The key to success is to treat the interview as a project, for which you must gather information, make decisions on feasibility, set objectives, identify the resources needed, draw up a plan of action, and manage the project carefully through to closure. In simple terms, you must be professionally prepared for the interview, in order to have the optimum chance of success.
No matter how expert or experienced you are, when you are applying for a promotion in your own organization, or a post in another organization, being fully prepared for the interview is critical. Your expertise, knowledge, reputation, experience, and appearance, will help you, but it is highly likely that the other candidates will have similar attributes.
Here is a list of actions that you should carry out in order to be fully prepared. Gather information about the recruiting organization (this includes your present employer if it is an internal interview): before you decide whether to attend the interview, it is essential that you gather information about the organization and analyze this. You need information on its recent and forecast performance, the condition of the business sector in which it operates, and the post that it is offering. If the organization and sector are healthy, and the post looks secure and has potential, then you can move on to the next stage. If your findings are negative then it is almost certain that the best decision would be to reject the opportunity. You need to gather information about the condition of yourself, looking at how your personal and career plans are progressing, focusing on how the prospects in your current job match with your personal and career objectives, and then how the new post could help you to achieve those objectives.
Decide to attend or not to attend the interview. You need to make an objective decision as to whether taking up this new post is the right decision for you, at this time. Armed with the information that you gathered earlier, you can assess the merits of being appointed to the new post, against staying in your current post, albeit perhaps until a more appropriate opportunity arises, and make your decision confidently. It is, of course, tempting to apply for a job which appears to offer a higher salary, more responsibility, more status, and new directions, and if this is so appealing that you are confident that you can adjust your development plans to match it, and be happy with that decision, then yes, attend the interview and perform to the best of your ability. However, be warned that the interviewers may well reject you because it will become obvious to them that the position they are offering is not a natural fit with your career to date, and worse, they may well ask you how this new opportunity fits with your future personal development plans, and be disappointed with your unconvincing response.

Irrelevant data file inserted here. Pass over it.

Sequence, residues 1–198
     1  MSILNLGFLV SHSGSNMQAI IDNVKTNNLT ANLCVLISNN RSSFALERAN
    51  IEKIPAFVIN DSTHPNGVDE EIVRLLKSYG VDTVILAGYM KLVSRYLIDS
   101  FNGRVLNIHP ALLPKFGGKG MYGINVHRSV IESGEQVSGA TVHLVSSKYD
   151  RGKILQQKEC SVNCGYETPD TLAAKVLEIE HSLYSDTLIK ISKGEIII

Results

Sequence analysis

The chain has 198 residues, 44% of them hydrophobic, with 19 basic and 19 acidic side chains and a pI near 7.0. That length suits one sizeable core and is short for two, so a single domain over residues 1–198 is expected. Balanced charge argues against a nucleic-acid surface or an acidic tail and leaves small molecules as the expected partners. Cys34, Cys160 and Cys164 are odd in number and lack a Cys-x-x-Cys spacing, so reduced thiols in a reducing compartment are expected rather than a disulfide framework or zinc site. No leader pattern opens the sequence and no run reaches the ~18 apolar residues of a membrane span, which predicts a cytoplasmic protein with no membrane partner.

Gather details of the job itself. You need as much information as you can gather about the nature of the job, the role, responsibilities, reporting relationships, location of the workplace, working conditions, and conditions of employment such as working hours, holidays, and corporate policies and procedures that apply to the position. Some of this information will be given to you in the information pack sent to you by the interviewing organization, or department, but often, sadly, the quality of information sent out is poor. Most professional organizations will have HR departments that will answer your questions on these issues, or pass you on to the appropriate line manager.
Research the interview format: you need to do some basic but essential research on the practicalities of the interview. Again, some of this information will be sent to you. You should be clear about: how to get to the organization and the specific interview location (don’t rely on asking for this information when you arrive, as this adds to the stress of the occasion); who is on the interview panel (their titles will give you important clues as to their relationships to the post); what format the interview will take (there is nothing worse than arriving expecting a traditional face-to-face interview and finding that it is a day-long series of tests, group activities, and interviews).
Timing of arrival. Make sure that you arrive in good time, allowing time to tidy your physical appearance after your journey and sufficient time to become calm before the actual interview.
Your appearance. Do not make the mistake of thinking that it is only your history, qualifications, skills, and knowledge that will win you the job. Most other candidates will have similar attributes, so you need to make an impression, to look professional, smart, and appropriate for the post. In many cases, there will have been a previous holder of the post that the interviewers may be using, albeit subconsciously, as a benchmark.